Women With Big Butts Have Lower Risk Of Heart Attack, Stroke & Diabetes.

If you had doubts about the benefits of your big bum beyond its sex appeal, worry no more, as a study has found that thin people have a higher risk of killer diseases than fat people, since their fat goes straight to their heart and liver.

German researchers say women who are pear-shaped tend to escape this group, as the bottom and thighs are safer places to store fat on the body.

It means the fat is not transported to the essential organs, where it could lead to high blood pressure, high blood sugar and a greater risk of illness in later life.

The study’s lead author, Dr. Norbert Stefan, from the University of Tübingen, says, “It is better for people of normal weight to be pear-shaped rather than apple-shaped, so that weight is carried on the bottom half of their body rather than around the middle.

“The hips and thighs offer ‘safe storage’ for fat, stopping it from getting into the blood and reaching the organs.”

The researchers found those with bigger thighs and hips could be protecting themselves from diabetes and heart problems however.

Looking at 981 people with a high risk of type 2 diabetes and cardiovascular disease, they found those with smaller hips and thighs were at greater risk. This was based on MRI scans of fat distribution around the body and fitness checks.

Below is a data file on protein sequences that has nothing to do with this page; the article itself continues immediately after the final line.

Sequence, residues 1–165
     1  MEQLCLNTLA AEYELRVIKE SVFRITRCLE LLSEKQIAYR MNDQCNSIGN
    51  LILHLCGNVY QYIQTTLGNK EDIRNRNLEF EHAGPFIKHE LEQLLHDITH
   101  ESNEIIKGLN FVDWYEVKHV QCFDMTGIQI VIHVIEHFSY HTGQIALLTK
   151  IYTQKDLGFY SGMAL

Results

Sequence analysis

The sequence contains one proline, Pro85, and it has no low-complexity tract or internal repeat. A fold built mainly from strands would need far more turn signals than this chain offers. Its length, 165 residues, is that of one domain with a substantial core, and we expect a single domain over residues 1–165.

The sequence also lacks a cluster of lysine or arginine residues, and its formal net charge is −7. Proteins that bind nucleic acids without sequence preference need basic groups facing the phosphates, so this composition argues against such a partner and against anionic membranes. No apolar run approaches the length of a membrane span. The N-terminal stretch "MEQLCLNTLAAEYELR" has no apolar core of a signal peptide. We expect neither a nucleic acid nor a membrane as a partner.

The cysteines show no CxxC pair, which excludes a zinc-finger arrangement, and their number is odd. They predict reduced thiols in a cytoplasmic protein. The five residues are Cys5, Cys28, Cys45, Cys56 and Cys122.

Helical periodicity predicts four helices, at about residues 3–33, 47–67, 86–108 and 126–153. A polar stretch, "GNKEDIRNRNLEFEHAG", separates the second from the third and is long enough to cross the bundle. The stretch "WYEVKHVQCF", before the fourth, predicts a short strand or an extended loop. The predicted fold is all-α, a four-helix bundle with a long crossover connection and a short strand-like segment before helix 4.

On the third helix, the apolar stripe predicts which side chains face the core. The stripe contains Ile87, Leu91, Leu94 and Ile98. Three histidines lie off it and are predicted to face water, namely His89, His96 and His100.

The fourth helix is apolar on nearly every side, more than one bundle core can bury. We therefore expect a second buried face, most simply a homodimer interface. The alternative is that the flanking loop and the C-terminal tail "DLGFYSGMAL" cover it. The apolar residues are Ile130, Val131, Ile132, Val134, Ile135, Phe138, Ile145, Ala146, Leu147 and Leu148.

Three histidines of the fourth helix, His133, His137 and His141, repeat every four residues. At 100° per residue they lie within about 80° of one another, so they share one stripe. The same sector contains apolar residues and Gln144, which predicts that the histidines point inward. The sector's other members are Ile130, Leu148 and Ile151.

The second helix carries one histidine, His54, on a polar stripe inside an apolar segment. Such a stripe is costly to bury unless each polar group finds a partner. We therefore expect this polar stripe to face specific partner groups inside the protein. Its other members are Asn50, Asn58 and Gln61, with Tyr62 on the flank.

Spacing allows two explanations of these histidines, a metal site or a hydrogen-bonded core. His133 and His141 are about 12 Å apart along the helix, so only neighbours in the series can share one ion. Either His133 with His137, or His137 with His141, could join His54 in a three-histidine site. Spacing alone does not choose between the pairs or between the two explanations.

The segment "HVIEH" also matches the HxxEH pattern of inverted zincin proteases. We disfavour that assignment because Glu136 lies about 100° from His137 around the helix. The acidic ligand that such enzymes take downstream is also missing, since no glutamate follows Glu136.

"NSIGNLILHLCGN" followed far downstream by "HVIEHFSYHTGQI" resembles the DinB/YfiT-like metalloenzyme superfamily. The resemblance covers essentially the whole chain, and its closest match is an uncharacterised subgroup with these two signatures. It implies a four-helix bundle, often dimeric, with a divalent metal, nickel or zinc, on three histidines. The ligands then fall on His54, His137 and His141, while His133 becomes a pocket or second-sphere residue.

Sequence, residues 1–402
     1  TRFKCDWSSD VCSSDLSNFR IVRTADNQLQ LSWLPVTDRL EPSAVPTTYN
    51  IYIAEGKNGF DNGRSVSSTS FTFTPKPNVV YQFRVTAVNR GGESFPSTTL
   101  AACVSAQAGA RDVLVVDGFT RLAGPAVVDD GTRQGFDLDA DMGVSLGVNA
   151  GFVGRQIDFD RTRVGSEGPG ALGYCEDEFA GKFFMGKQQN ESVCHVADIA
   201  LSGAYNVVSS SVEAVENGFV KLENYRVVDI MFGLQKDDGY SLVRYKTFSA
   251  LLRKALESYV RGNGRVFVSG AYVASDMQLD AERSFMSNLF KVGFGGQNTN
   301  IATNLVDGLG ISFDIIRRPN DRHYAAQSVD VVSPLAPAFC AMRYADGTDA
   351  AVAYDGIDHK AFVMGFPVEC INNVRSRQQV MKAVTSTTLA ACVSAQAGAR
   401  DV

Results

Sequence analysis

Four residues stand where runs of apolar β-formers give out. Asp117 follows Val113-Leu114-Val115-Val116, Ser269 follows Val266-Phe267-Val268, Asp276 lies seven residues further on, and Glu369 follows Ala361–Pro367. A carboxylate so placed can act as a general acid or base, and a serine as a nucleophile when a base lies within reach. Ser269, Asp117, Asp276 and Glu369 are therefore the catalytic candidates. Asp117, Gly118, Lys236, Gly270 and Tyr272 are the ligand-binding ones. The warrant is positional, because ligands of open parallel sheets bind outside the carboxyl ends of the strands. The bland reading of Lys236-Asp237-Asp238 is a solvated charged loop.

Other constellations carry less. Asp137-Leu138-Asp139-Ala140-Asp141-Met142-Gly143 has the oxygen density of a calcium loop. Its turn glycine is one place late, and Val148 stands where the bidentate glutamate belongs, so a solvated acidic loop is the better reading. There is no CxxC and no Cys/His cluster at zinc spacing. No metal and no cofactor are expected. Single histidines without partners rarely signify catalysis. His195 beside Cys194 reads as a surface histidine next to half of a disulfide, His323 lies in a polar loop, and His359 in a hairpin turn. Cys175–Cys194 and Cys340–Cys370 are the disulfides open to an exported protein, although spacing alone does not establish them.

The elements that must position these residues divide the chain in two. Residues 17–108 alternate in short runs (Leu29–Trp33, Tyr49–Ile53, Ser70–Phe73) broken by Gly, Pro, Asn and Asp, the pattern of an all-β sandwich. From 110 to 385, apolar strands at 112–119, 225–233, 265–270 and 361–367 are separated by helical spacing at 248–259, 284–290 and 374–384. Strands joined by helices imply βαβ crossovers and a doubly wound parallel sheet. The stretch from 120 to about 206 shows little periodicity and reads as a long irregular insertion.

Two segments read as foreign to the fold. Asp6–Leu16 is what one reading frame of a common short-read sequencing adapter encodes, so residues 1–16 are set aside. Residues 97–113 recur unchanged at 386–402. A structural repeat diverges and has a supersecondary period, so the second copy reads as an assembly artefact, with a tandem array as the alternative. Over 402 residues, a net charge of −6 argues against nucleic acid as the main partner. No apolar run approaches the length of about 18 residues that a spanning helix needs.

Stefan says, “Fat in the hips and thighs is largely different from fat in the abdomen, called visceral fat. In pear-shaped people, these areas work like a sponge, with fat stored in fat cells where it cannot do much harm.”

The study, published in the journal, Cell Metabolism, suggests that putting on hip and leg fat could even be beneficial for some thin people with diabetes or heart problems.

The study suggests that being pear-shaped is better for lean people, while in overweight people it does little to help. The fat levels in their internal organs may already be too high for this to offer extra protection.

It concludes: “Genetic analyses suggest that metabolic risk appears to be determined by different pathways in normal weight and obese subjects.”

 

source:thepunchngh



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